Joe Biden Knows Where He’ll Stuff Those GOP Voter Suppression Bills
Yesterday, President Joe Biden signed an executive order promoting voting rights on the 56th anniversary of "Bloody Sunday," so named because Alabama state troopers viciously beat hundreds of civil rights activists, including the late John Lewis, who crossed Selma's Edmund Pettus Bridge as part of a peaceful march for voting rights.
Selma was a major battle in a war that continues to this day. Conservatives are still actively trying to keep Black citizens from voting. There are, at last count, 253 voter suppression bills in progress around the country. Republicans claim they're just defending the integrity of elections, but it's more like they're breathing new life into Jim Crow.
This year, it's absolutely wonderful to commemorate “Bloody Sunday" with a non-racist president in the White House, one who believes in expanding voter access rather than restricting the electorate to attendees at a MAGA rally. President Biden gave a videotaped address to the Martin and Coretta Scott King Unity Breakfast. You can imagine they were actually glad to see him.
The legacy of Selma is that while nothing can stop free people from exercising their most sacred power as citizens,… https://t.co/pdpjPwnYdO— President Biden (@President Biden) 1615135391.0
The president of the entire United States said:
"The legacy of the march in Selma is that while nothing can stop free people from exercising their most sacred power as citizens, there are those who will do anything they can to take that power away."
That's right, Republicans. He means your sorry asses.
"Today, we have a hailstorm, not a rainstorm, a hailstorm. In 2020, our very democracy on the line, even in the midst of a pandemic, more Americans voted than ever before. Multiple recounts in states and decisions of more than 60 cases from judges appointed by my predecessor, including at the Supreme Court, upheld the integrity of this historic election."
Nothing was “rigged." There were no “irregularities."
Biden directly linked “Bloody Sunday" to the January 6 Capitol siege, another dark day for our democracy. It was the culmination of a post-election effort to "ignore, undermine, and undo the will of the people," but it didn't end with Biden's inauguration. The president recognized the “all-out assault on the right to vote" that's taking place in GOP-run state legislatures across the country, and he declared, "We cannot let them succeed."
He called H.R. 1, the For the People Act, landmark legislation that "will protect the right to vote and the integrity of our elections," and urged the Senate to pass the bill so he can sign it. (This means Democrats Joe Manchin and Kyrsten Sinema will have to get over their filibuster addiction.)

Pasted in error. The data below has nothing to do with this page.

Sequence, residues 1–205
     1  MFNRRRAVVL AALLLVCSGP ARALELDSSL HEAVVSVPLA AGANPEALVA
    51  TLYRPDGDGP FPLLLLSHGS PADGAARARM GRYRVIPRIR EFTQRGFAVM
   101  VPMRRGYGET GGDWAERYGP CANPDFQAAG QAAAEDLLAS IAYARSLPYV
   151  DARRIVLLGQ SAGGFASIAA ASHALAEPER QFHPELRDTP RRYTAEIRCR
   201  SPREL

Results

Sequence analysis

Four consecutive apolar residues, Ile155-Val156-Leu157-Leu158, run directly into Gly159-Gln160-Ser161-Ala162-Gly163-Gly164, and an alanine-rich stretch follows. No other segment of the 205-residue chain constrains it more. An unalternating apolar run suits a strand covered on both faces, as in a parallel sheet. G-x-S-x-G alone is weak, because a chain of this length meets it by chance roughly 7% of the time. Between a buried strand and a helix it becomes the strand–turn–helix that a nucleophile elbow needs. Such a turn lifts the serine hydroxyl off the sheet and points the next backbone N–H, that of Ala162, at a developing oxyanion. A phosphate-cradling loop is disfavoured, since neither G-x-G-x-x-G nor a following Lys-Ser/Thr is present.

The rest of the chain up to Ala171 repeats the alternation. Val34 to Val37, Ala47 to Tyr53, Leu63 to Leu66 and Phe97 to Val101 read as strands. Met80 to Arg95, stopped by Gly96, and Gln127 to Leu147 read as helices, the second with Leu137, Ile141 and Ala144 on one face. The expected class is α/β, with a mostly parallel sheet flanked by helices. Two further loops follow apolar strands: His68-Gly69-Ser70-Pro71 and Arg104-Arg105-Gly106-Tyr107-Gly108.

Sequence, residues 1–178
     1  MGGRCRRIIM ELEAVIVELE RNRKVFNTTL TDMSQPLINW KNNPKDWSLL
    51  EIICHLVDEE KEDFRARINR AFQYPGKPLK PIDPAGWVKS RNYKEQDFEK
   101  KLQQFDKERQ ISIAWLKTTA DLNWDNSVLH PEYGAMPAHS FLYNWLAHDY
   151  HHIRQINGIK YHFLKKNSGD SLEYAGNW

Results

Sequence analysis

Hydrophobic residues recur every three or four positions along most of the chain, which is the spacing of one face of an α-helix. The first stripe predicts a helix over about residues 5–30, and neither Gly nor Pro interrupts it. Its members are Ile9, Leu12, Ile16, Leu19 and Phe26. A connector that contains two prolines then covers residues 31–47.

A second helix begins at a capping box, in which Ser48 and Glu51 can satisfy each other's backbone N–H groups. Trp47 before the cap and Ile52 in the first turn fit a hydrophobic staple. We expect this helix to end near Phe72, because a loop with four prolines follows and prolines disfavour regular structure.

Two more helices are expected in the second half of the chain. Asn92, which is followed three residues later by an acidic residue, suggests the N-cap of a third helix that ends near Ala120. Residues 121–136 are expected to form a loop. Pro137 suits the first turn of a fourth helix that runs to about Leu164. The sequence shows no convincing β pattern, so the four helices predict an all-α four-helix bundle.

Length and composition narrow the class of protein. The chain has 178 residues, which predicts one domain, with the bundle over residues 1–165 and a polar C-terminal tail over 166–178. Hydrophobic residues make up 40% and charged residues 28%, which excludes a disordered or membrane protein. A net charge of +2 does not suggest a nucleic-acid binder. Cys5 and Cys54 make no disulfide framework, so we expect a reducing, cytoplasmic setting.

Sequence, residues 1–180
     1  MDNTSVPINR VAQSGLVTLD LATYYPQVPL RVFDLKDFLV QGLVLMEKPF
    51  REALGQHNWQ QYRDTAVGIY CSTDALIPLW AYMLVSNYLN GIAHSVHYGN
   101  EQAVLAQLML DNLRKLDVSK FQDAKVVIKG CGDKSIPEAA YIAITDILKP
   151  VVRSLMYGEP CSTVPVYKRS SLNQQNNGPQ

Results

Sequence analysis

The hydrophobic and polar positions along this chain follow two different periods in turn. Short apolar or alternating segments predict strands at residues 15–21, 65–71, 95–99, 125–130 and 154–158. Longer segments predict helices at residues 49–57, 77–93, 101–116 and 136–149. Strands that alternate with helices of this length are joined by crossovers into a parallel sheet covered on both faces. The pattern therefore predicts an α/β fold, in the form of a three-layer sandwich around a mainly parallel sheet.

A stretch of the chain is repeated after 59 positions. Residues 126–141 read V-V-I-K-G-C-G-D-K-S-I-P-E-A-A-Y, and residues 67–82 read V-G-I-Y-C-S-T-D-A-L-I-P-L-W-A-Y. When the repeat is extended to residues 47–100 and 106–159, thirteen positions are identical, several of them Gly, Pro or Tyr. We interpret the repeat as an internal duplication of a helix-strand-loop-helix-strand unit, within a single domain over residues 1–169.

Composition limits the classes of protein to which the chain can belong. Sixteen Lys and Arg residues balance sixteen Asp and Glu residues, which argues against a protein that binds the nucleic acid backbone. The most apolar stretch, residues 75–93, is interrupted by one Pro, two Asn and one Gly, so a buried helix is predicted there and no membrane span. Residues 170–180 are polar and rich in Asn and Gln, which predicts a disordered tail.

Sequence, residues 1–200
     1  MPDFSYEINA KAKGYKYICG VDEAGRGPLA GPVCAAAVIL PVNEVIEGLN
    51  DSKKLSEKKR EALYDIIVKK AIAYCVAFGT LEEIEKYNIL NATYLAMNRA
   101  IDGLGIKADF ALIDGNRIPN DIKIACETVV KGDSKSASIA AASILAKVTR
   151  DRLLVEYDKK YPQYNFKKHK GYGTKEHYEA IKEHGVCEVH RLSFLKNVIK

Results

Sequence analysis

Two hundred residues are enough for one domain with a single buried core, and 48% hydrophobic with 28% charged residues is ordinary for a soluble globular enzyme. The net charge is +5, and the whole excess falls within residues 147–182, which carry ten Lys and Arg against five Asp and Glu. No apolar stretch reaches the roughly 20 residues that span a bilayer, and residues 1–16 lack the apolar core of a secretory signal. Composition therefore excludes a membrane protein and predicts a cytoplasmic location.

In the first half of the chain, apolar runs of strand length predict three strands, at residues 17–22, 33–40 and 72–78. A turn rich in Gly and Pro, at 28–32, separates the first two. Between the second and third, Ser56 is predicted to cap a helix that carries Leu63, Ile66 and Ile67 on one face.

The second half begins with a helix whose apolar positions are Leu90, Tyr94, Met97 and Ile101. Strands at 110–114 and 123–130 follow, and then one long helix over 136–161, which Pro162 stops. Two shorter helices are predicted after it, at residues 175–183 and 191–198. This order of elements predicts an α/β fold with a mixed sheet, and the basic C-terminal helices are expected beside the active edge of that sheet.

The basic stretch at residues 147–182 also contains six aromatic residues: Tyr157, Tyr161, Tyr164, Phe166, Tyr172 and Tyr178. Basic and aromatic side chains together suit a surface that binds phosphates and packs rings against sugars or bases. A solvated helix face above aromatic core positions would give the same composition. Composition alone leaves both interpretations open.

But Biden's executive order is an immediate response to an immediate problem. It instructs federal agencies to "consider ways to expand citizens' opportunities to register to vote and to obtain information about, and participate in, the electoral process." The order will also increase opportunities for federal employees to vote. It will ensure access to voting for active duty military and overseas citizens, as well as ensuring equal access for voters with disabilities.
He's tasked his incoming attorney general, Merrick Garland, with providing access to voter registration for eligible citizens in federal custody. The order will also establish a Native American voting rights steering group.
Biden wants to improve voting access and make it easier for eligible voters to register to vote. This should be the goal of all elected officials, but unfortunately, the Republican party has embraced a seditious, anti-democratic platform. Biden's message is clear and unwavering: "Every eligible voter should be able to vote and have that vote counted. If you have the best ideas, you have nothing to hide. Let the people vote."
During his address, Biden shared a touching story about when Dr. Jill Biden and he spoke with Rep. Lewis just a few days before his death last July. Lewis asked the Bidens to “stay focused on the work left undone to heal and unite this nation around what it means to be an American."
"[John Lewis] said we've just got to get this done ... We're all created equal and deserve to be treated equally."
That's all Rep. Lewis wanted: To freely cast his ballot as a citizen and have it counted no more and certainly no less than anyone else. Yet almost 60 years after "Bloody Sunday," conservatives are still trying to suppress Black votes. We won't let them succeed.
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Stephen Robinson is a writer and social kibbitzer based in Portland, Oregon. He writes make believe for Cafe Nordo, an immersive theatre space in Seattle. Once, he wrote a novel called “Mahogany Slade,” which you should read or at least buy. He's also on the board of the Portland Playhouse theatre. His son describes him as a “play typer guy."